Ada+ | 69 | 45 | 24 | 0.35 (0.20) | |
Ada+ | 67 | 47 | 26 | 0.46 (0.22) | |
Ada+ | 73 | 52 | 26 | 0.42 (0.21) | |
Keystone et al. [32] | P+ | 200 | 95 | 32 | 0.13 (0.22) |
Ada+ | 212 | 141 | 81 | 0.42 (0.21) | |
Ada+ | 207 | 154 | 82 | 0.41 (0.21) | |
Van de Putte et al. [33] | P | 110 | 29 | 4 | 0.09 (0.20) |
Ada | 112 | 47 | 16 | 0.31 (0.19) | |
Ada | 106 | 60 | 19 | 0.30 (0.19) | |
Ada | 103 | 57 | 20 | 0.38 (0.22) | |
Ada | 113 | 60 | 21 | 0.33 (0.20) | |
Miyasaka [34] | P | 87 | 23 | 8 | 0.07 (0.17) |
Ada | 87 | 37 | 10 | 0.28 (0.19) | |
Ada | 91 | 39 | 16 | 0.33 (0.20) | |
Ada | 87 | 48 | 18 | 0.37 (0.21) | |
Kim et al. [35] | P+ | 63 | 28 | 10 | 0.18 (0.27) |
Ada+ | 65 | 43 | 24 | 0.42 (0.22) | |
Maini et al. [36] | P+ | 88 | 40 | 9 | 0.09 (0.19) |
Inf+ | 86 | 40 | 12 | 0.35 (0.19) | |
Inf+ | 86 | 54 | 19 | 0.36 (0.20) | |
Inf+ | 87 | 52 | 23 | 0.38 (0.21) | |
Inf+ | 81 | 48 | 20 | 0.37 (0.19) | |
Westhoven et al. [37] | P+ | 363 | - | - | 0.12 (0.23) |
Inf+ | 360 | - | - | 0.37 (0.20) | |
Inf+ | 361 | - | - | 0.38 (0.21) | |
Zhang et al. [38] | P+ | 86 | 52 | 28 | 0.27 (0.31) |
Inf+ | 87 | 61 | 39 | 0.46 (0.20) | |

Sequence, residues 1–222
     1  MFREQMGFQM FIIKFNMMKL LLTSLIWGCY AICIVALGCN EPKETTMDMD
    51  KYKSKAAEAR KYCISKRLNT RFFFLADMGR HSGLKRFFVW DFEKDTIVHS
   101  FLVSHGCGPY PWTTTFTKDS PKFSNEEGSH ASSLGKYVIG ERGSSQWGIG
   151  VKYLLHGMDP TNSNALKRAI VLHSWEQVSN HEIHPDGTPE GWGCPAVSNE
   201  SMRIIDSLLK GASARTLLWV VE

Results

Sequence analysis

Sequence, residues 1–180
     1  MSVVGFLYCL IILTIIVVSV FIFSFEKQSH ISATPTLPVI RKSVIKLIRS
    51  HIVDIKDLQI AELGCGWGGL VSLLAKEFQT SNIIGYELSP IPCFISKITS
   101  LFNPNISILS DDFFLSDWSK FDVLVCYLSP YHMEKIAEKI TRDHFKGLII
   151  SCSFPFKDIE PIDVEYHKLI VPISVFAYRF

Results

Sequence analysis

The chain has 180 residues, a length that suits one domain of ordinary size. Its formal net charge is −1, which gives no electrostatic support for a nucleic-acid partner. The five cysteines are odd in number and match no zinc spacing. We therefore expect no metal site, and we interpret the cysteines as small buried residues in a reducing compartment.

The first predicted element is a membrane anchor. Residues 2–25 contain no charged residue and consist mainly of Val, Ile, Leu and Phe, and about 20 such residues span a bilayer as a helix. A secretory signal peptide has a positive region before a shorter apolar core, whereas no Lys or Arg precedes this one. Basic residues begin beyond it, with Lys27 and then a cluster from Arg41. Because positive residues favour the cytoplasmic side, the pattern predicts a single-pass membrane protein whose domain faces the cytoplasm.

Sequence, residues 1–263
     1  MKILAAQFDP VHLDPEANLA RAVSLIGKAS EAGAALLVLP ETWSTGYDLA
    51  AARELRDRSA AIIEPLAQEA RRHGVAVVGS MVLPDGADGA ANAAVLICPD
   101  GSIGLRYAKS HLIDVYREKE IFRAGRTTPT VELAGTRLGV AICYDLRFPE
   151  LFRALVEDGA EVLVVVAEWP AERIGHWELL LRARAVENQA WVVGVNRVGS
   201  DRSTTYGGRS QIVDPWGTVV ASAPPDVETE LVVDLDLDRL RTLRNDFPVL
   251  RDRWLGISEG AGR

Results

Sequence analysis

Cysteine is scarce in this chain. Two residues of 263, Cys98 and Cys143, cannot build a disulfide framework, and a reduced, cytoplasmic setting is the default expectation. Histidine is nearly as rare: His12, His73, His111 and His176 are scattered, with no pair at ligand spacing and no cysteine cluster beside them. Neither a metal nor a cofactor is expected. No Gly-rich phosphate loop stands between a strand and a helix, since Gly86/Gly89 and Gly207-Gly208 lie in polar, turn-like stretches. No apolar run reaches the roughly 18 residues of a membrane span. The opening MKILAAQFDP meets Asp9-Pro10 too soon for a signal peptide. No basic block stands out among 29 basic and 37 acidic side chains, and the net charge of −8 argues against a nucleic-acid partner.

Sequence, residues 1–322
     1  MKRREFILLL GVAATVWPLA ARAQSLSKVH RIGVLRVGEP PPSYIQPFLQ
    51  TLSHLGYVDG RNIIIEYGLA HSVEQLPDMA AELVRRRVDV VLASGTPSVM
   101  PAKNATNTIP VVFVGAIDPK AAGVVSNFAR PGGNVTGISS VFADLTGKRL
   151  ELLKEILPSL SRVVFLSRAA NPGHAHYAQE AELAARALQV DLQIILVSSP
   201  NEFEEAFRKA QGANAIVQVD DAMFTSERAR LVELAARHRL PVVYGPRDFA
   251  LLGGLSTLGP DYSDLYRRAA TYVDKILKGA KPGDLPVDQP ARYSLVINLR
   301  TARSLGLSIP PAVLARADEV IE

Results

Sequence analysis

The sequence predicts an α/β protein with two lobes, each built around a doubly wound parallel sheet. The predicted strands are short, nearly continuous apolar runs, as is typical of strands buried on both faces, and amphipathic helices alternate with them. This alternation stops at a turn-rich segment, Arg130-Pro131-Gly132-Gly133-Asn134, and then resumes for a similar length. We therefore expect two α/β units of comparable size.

Schiff et al. [39] | P+ | 110 | - | - | 0.22 (0.29) |
Inf+ | 165 | - | - | 0.41 (0.22) | |
Moreland et al. [40] | P | 80 | 25 | 8 | 0.06 (0.16) |
Eta | 76 | 47 | 26 | 0.34 (0.19) | |
Eta | 78 | 53 | 31 | 0.40 (0.21) | |
Weinblatt et al. [41] | P+ | 30 | 16 | 8 | 0.10 (0.17) |
Eta+ | 59 | 45 | 29 | 0.43 (0.19) | |
Keystone et al. [42] | P+ | 133 | 49 | 13 | 0.14 (0.25) |
Gol | 133 | 56 | 29 | 0.30 (0.20) | |
Gol+ | 89 | 51 | 24 | 0.40 (0.22) | |
Gol+ | 89 | 60 | 31 | 0.39 (0.21) | |
Kay et al. [43] | P+ | 35 | - | - | 0.14 (0.20) |
Gol+ | 35 | - | - | 0.39 (0.20) | |
Gol+ | 34 | - | - | 0.38 (0.21) | |
Keystone et al. [44] | P+ | 199 | 83 | 35 | 0.07 (0.20) |
Cert+ | 393 | 263 | 146 | 0.40 (0.22) | |
Cert+ | 390 | 249 | 137 | 0.41 (0.22) | |
Smolen et al. [45] | P+ | 127 | 46 | 10 | 0.04 (0.14) |
Cert+ | 246 | 163 | 66 | 0.38 (0.21) | |
Cert+ | 246 | 155 | 67 | 0.38 (0.20) | |
Fleischmann et al. [46] | P | 109 | 19 | 2 | 0.04 (0.14) |
Cert | 111 | 60 | 34 | 0.33 (0.19) |
Continuous ACR: ACRcont
While the continuous ACR measures were proposed by the Americal College of Rheumatology [20], they were not assessed in any of the trials. Therefore a continuous ACR measure ACRcont is generated based on the ACR 20, ACR 50 and ACR 70 outcomes reported in the trials. This enables us to compare the outcomes of the binary measures with those resulting from the continuous scale. ACRcont takes a value between 0 and 1 representing the percentage improvement in the dimensions which are combined for the binary ACR criteria.
Mean improvement estimated from patient level data
group 1 | group 2 | group 3 | group 4 | |
---|---|---|---|---|
meanACR | 0.17 | 0.41 | 0.57 | 0.72 |
ACRhybrid | 0.10 | 0.41 | 0.59 | 0.77 |
Control Group | 0.00 | 0.35 | 0.60 | 0.85 |